Just catching up on the post-Ibrox analysis after a busy weekend. A few observations:
Celtic opened very well but our passing out of defence fell apart after 10 minutes and didn’t get back on track until Scott Sinclair decided he was taking control at halftime. If I wanted to make an excuse, I’d say we were rusty due to the formation only just returning to normal for the first time this season, but this may be over-generous.
Scott demonstrated why he was Player of the Year last season. He has what it takes to swing big games. The game can be divided into two parts: times when Sinclair had the ball inside the Newco box, and all other times. You could sense the terror in blue at the former.
On the Newco penalty claim: I’m not sure. Jozo pulled out of the challenge, which I suspect is why the referee didn’t give it, but I would have claimed if it was the other way around.
It was clear to everyone in the Broomloan Stand that Leigh Griffith was claiming for a penalty in the first half, although none of us knew why. Young Beckenbauer in the Newco defence extended his arms and made his body big as the ball dropped onto his hand.
The rules are clear on this one, allow your arms to leave the confines of your body and you’ve transgressed if the ball strikes a hand or arm. Sky Television viewers were then transported to an alternate universe, where they were told, “Leigh Griffiths is claiming for a corner kick”. There is an intellectual pain experienced when you are part of a group treated to ‘expert’ analysis like this. I was embarrassed as a viewer.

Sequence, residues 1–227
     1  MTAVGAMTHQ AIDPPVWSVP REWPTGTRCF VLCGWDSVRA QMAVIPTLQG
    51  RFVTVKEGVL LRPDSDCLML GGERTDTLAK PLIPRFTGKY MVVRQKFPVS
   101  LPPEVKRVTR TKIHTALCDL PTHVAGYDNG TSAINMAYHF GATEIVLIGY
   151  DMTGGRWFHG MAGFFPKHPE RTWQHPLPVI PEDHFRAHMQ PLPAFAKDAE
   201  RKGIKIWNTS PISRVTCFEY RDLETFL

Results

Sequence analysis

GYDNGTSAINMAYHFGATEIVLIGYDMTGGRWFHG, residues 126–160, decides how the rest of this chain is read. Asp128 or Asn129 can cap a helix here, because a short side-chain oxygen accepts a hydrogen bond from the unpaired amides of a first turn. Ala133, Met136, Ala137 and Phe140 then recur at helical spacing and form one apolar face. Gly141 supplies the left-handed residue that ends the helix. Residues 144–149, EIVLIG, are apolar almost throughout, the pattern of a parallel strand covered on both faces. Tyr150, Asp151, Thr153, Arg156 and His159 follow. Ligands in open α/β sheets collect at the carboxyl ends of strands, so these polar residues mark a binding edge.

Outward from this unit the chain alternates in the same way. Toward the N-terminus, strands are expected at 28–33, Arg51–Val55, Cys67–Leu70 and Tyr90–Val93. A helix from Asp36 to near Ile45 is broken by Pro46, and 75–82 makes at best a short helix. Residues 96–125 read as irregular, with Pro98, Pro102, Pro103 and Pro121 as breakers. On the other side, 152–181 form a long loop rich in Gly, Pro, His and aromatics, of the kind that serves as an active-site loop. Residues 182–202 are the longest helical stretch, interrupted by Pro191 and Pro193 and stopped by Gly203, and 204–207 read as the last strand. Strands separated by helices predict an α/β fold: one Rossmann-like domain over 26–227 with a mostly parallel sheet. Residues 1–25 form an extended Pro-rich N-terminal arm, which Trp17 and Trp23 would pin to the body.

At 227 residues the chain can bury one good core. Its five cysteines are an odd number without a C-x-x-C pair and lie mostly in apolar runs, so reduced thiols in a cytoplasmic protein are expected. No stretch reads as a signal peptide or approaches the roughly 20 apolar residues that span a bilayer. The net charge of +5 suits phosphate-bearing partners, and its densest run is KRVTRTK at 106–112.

While Scott Sinclair was the custard in your doughnut, the second goal was a product of crisp passing down the right. Callum McGregor was worthy of an honourable mention here. He has the craft to compliment Patrick Roberts’ level of astonishing-ness.
There will be quite a number of people who are walking around Lennoxtown today full of the joys because of the save Craig Gordon made with the score at 0-1. This was not a normal reaction save, it was the result of a planned and practiced manner in which to close-down an opponent who is about to head the ball. Look again at how Craig moves his body.
It was a big moment and speaks of the technical preparation of the goalkeepers.
Scott Brown remains is in the form of his life. He waltzed around Ibrox like he owned the place. Although with the alleged condition of the structure, that honour may be an onerous one.
The knives are out for Brother Pedro, who spent millions but has not noticeably improved his team. This is a little unfair. Newco’s problems run deeper than Pedro, and let’s face it, they would be in a far worse situation if he had not banned green boots.
This guy knows what he’s doing, no way is he an hopeless imposter, no way at all. And, if they ever score an important goal, Pedro’s instructions to congregate to celebration will also prove invaluable.
Let’s not get too carried away with ourselves. Ibrox was the aperitif, as they say in Europe. The main course is in Brussels on Wednesday, and that will prove to be a far greater challenge.
Enjoy the new podcast…
The CQN Podcast: A Celtic State of Mind (EP13) The Quality Street Gang Part 1
This week, ‘A Celtic State of Mind’ pays tribute to The Quality Street Gang.
In the first of a two-part series, Paul John Dykes interviews Billy Murdoch, Bobby Wraith, HughMcKellar and Lou Macari to discuss one of the finest crops of youngsters ever to emerge from Celtic Park.